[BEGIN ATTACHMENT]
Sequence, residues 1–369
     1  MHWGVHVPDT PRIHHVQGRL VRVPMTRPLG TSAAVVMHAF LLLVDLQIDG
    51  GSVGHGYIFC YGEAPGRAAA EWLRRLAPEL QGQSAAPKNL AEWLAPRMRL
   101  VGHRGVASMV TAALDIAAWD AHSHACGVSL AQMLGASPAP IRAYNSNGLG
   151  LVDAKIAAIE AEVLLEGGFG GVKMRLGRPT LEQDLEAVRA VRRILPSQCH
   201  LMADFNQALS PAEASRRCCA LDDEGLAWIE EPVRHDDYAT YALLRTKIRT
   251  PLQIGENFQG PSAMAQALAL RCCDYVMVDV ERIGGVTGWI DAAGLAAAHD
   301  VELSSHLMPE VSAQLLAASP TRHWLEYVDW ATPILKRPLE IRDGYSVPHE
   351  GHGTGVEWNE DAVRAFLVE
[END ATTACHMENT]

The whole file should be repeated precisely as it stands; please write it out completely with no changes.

Sequence, residues 1–369
     1  MHWGVHVPDT PRIHHVQGRL VRVPMTRPLG TSAAVVMHAF LLLVDLQIDG
    51  GSVGHGYIFC YGEAPGRAAA EWLRRLAPEL QGQSAAPKNL AEWLAPRMRL
   101  VGHRGVASMV TAALDIAAWD AHSHACGVSL AQMLGASPAP IRAYNSNGLG
   151  LVDAKIAAIE AEVLLEGGFG GVKMRLGRPT LEQDLEAVRA VRRILPSQCH
   201  LMADFNQALS PAEASRRCCA LDDEGLAWIE EPVRHDDYAT YALLRTKIRT
   251  PLQIGENFQG PSAMAQALAL RCCDYVMVDV ERIGGVTGWI DAAGLAAAHD
   301  VELSSHLMPE VSAQLLAASP TRHWLEYVDW ATPILKRPLE IRDGYSVPHE
   351  GHGTGVEWNE DAVRAFLVE